represent a personality testPersonality Tests
History | CareerFitter | Myers Briggs | Big 5 | 16 Personalities | Winslow | Process Communication | Holtzman Inkblot | Disc | Advantages | Disadvantages

Personality tests delve deeper into the specific traits and attributes of a person's personality. They can give insight into how a person will behave in certain situations and their general likes and dislikes. 
While these tests aren't typically designed to test whether an individual is a good match for a particular job or career, there are hybrid career assessment tests.


Personality tests are often made up of numerous multiple-choice questions. A typical style of question might ask you to imagine yourself in a specific circumstance and then choose your response from a predetermined list that best describes how you react. 
Some personality tests integrate images of a person or a setting and ask you to choose which one is most appealing.

History of Personality Tests

For centuries people have been trying to assess others' personalities through different types of tests.
One of the earliest attempts to uncover a person's character was by examining the bumps on their head. This process was called phrenology, and personality tests have come a long way since their inception.
The famous Swiss psychologist and psychoanalyst Carl Jung was the first to develop the concept of people having either introverted or extroverted personality types. He also broke these two personality types down into twelve archetypal subcategories. Each of these displayed specific characteristics, and Jung believed that everyone could be classified into one of these categories.
Personality testing was first taken seriously during World War I by the United States Army. Soldiers were tested in an attempt to determine who would be most likely to suffer the effects of shell shock based on their individual disposition.
Since then, personality testing has grown into being used by educational facilities and human resource departments worldwide.

Types of Personality Tests

There are numerous different personality tests that are used today. While they all use a slightly different method to classify respondents, they are all similar in test and question format.
Some of the most popular tests include:

Myers-Briggs Test

In 1917, Katharine Briggs became intrigued about personality types when her daughter chose an unlikely match for her fiance. She wanted to find out more about human characteristics and what caused people to have different personality traits.
Both Katharine and her daughter worked together for the next 20 years. They relied heavily on Dr. Carl Jung’s research and together created the Myers-Briggs Personality Test.
This test aims to determine how respondents see the world around them. It breaks personalities into four categories; introversion or extraversion, sensing or intuition, thinking or feeling, judging or perceiving. Based on where each person falls within each category, a personality profile can be determined.

The Five-Factor Model

Also known as "The Big 5," academics consider this personality test one of the most accurate personality tests. This test aims to group respondents into one of five major categories that are recognized as key personality characteristics from cultures across the world. The five categories are openness to experience, conscientiousness, extroversion, agreeableness, and neuroticism.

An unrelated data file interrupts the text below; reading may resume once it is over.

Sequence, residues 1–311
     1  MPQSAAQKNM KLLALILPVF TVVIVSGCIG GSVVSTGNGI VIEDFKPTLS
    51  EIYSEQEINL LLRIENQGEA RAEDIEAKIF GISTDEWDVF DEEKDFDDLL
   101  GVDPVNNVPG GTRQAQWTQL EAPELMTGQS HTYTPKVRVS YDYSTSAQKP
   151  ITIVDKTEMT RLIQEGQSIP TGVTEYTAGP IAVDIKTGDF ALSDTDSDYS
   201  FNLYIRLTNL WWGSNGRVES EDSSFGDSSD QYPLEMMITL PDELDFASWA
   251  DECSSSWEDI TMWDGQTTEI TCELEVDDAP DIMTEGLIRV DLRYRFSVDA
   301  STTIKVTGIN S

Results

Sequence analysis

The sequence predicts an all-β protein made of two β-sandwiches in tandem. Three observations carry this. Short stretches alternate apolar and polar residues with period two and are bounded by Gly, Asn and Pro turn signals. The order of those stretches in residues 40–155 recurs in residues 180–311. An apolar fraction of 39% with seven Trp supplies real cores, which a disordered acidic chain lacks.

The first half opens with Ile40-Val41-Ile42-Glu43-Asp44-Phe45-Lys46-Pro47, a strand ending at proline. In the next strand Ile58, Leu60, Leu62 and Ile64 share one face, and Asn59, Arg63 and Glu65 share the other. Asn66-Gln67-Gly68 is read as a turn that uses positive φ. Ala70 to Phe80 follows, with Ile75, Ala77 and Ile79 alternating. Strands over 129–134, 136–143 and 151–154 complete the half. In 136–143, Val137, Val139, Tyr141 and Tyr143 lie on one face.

Ernest Types and Raymond Christal first began looking into this particular test in the 1960s; however, it wasn't until the 1990s that Lewis Goldberg redesigned the test model, creating "The Big 5."
The Five-Factor Model has been widely used across different workplaces during their hiring process. Studies have shown that many people who work in the same industry or the same work role often share many of the same prominent personality characteristics.

The CareeFitter

This career assessment test is primarily a hybrid of a personality test and a career test that evaluates your personality specifically in a work environment.  CareerFitter uses the expression "work personality".  They differentiate a person's personality when they are working and not working.
The test taker answers questions that relate to their experience in a work setting.  There are no wrong answers and therefore should be considered more of an assessment or evaluation.
The science behind CareerFitter was developed using psychological research and scientific data that determines your profile and uncovers strengths and weaknesses, management styles, work environment preferences, and suggests careers and jobs that would best fit the examinee.
It is most often used by people looking to change careers that need career direction, college students, career coaches, and H.R. departments.

16 Personalities Test

The 16 Personalities uses a testing method is based on the Myers-Briggs assessment. Through a series of questions, respondents are grouped into one of four overarching categories:
  • Analysts
  • Diplomats
  • Sentinels
  • Explorers
These four categories are then broken down into four subcategories that accurately describe a person's primary personality traits.
These subcategories include:
Architect, Logician Commander, Debater, Advocate, Mediator, Protagonist, Campaigner, Logistician, Defender, Executive, Consul, Virtuoso, Adventurer, Entrepreneur, Entertainer.

The Winslow Personality Profile

This test was designed to help organizations and H.R. departments measure an employee’s suitability for specific positions in an organization. It looks at a person's personality, behavior, and attitudes in their existing work environment.